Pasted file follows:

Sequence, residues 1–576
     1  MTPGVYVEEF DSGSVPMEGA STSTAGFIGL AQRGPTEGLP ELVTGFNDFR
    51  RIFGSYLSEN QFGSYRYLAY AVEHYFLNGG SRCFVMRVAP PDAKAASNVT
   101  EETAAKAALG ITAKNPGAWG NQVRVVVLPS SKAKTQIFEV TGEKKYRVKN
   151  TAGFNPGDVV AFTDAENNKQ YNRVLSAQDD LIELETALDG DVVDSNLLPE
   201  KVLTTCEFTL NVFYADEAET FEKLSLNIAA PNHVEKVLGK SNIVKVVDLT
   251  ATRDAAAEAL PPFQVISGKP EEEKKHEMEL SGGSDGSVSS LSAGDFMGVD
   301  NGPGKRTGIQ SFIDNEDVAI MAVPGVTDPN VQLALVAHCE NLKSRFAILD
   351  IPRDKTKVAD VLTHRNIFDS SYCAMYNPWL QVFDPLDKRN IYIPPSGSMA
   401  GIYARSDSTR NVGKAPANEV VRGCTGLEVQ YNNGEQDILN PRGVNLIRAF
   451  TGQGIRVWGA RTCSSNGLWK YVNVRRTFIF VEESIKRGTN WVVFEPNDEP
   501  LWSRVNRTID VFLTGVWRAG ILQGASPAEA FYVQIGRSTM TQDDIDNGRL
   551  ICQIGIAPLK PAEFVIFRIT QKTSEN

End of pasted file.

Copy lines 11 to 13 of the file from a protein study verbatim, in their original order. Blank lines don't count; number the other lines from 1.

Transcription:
   451  TGQGIRVWGA RTCSSNGLWK YVNVRRTFIF VEESIKRGTN WVVFEPNDEP
   501  LWSRVNRTID VFLTGVWRAG ILQGASPAEA FYVQIGRSTM TQDDIDNGRL
   551  ICQIGIAPLK PAEFVIFRIT QKTSEN